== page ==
**See our update to this story here. Hilton is denying that this is a widespread issue.**
Several travelers say they’ve had their Hilton Honors points drained via fraudulent Amazon purchases, a recurring problem that calls into question the relationship between the hotel brand and the web giant.
One Hilton Honors member told Flyertalk that he received an automated notification that his Hilton points had been used toward an Amazon purchase he didn’t make. After logging into his Hilton account, the user saw that roughly 267,000 points were stolen.
He’s not alone. On Wednesday, a member of the Facebook group Award Travel 101 relayed a similar experience – all but 1 of his Hilton Honors points were stolen and redeemed through the Amazon shop with points functionality. And the comments on his Facebook group post suggest this isn’t an isolated issue, with more issues cropping up in the last month or so.
What’s more, responses from both companies show neither is willing to accept any responsibility for the issues.
At the root of the problem is the ability to use Hilton points for purchases at Amazon, one of several changes Hilton made to its Honors program back in 2017. By linking your Hilton and Amazon accounts, you can buy things on Amazon by using Hilton points at a rate of 0.02 cents each – so 500 points = $1 on Amazon.
So while it’s far worse to have your Hilton points stolen for something you didn’t buy, it’s not a good value to use your own Hilton points to buy items on Amazon. You can simply get far more value out of them by booking hotel stays.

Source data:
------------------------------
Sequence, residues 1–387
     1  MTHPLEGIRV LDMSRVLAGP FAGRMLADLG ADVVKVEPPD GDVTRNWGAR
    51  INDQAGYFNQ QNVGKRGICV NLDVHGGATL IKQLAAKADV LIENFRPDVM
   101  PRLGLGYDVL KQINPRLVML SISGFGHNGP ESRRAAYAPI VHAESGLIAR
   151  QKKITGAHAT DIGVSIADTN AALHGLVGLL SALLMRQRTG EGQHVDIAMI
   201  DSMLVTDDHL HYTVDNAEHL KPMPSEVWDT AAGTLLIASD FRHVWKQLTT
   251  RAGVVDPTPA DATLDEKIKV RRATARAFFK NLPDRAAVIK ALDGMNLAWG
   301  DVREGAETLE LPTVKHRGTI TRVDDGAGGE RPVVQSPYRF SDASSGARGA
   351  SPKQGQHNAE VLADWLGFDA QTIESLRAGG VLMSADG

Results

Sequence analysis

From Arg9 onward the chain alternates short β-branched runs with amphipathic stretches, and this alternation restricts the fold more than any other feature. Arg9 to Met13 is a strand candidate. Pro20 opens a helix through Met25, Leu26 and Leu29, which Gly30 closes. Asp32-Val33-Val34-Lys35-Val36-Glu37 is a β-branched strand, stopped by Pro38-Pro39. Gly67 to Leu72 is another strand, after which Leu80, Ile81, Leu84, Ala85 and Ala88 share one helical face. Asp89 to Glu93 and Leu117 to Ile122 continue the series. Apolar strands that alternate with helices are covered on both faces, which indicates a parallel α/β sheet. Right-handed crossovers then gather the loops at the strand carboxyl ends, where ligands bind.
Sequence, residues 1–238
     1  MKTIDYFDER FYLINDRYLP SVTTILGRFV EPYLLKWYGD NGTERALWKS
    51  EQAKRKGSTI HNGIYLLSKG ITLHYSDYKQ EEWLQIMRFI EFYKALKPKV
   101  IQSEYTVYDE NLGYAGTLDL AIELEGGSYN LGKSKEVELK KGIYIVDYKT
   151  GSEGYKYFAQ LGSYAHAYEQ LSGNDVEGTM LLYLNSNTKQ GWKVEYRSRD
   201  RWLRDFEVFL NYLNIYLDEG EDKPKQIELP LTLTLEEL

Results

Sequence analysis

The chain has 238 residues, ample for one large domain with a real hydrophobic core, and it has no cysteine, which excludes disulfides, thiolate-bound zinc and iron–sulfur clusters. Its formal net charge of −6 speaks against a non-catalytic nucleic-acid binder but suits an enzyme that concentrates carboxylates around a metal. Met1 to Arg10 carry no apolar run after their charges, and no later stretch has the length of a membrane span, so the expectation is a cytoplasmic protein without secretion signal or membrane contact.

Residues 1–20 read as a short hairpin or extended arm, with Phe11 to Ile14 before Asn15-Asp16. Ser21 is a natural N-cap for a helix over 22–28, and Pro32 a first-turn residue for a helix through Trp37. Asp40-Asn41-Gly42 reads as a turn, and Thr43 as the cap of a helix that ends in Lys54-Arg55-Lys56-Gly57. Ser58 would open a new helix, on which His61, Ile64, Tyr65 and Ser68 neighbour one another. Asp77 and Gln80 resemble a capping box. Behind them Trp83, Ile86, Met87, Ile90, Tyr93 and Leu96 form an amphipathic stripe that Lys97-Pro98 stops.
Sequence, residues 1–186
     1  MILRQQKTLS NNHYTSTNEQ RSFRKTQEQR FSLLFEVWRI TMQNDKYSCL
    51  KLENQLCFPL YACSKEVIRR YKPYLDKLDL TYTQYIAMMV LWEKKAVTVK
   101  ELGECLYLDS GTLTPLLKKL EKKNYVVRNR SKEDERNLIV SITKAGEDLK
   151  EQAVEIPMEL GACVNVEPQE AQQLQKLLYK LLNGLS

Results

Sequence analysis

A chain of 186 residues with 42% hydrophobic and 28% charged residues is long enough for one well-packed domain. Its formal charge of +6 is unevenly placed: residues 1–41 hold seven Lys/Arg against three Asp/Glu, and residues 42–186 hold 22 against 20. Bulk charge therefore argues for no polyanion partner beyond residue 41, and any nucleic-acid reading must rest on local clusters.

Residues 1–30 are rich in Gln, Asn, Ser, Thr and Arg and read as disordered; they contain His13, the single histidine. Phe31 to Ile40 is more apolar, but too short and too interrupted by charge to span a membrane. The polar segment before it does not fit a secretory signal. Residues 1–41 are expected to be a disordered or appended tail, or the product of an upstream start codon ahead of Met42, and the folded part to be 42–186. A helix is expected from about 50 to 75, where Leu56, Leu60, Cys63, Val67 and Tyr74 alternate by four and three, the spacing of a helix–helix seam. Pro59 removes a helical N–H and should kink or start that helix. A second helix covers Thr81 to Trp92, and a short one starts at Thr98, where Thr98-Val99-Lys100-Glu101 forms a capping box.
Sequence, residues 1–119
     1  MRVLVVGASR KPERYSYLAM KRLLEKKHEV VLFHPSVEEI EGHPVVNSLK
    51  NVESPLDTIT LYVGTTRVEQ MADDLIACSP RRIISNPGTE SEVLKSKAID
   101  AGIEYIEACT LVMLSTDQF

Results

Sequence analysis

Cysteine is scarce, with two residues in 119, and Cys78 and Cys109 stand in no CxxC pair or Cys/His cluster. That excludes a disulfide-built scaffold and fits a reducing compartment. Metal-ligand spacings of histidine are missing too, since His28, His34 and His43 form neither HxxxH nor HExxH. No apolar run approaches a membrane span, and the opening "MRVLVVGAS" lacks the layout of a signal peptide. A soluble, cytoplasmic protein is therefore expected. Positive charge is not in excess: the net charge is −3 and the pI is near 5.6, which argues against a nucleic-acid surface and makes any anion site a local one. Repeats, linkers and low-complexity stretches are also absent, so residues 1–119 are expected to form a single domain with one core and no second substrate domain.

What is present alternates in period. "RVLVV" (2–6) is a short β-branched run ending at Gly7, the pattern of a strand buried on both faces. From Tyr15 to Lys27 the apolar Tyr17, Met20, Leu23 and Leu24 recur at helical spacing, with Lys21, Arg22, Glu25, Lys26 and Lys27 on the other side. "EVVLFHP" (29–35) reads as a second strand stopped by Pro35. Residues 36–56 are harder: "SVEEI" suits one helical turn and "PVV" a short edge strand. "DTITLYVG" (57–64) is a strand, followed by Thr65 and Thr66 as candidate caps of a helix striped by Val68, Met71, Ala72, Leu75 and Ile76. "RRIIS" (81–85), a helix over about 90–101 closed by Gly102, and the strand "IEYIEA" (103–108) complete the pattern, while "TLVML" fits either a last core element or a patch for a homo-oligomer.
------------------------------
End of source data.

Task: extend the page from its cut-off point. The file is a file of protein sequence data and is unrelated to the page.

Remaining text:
One of the travelers whose account was hacked didn’t even have his Hilton Honors account linked to Amazon. Rather, the breach linked his Hilton account to an unknown Amazon account without his permission. That suggests the issue may start with Hilton. And it’s made worse by both organizations inability to identify links between the two accounts.
It’s unclear how or why this is happening, as well as how frequent the problem may be.
Because hackers appear to be accessing Hilton accounts, we strongly recommend updating your Hilton Honors account password. It’s hard to know for sure, but these hackers may be gaining access to Hilton accounts from a past data breach, perhaps exposing different accounts where users have the same login credentials as with Hilton. Updating your password should help stop this problem in its tracks.
Unfortunately, through our research, you can have multiple Amazon accounts linked to the same Hilton account, so proactively linking to your Amazon account won’t be enough to stop the potential theft of your Hilton Honors points.
It’s also a good idea to keep an eye on your emails. The Award Travel 101 member reported he received an email informing him his account was linked to Amazon before the purchase, but Hilton couldn’t confirm what account or even that it was linked at all when he called them.
Users are reporting different levels of success in getting their points back after their accounts have been hacked. But the bigger issue here seems to be the lack of accountability from both parties. Hilton is saying it’s an Amazon issue and Amazon is saying it’s a Hilton issue.
The scope of this breach is a mystery, but it seems obvious there is a serious problem. This isn’t the first time this exact issue has cropped up, but many users have reported they’ve been hacked over the past month.
Until this gets sorted out, we strongly suggest updating your passwords and creating a link between your own Hilton and Amazon accounts.
Editorial Note: Any opinions, analyses, reviews, or recommendations expressed in this article are those of the author’s alone, and have not been reviewed, approved, or otherwise endorsed by any card issuer.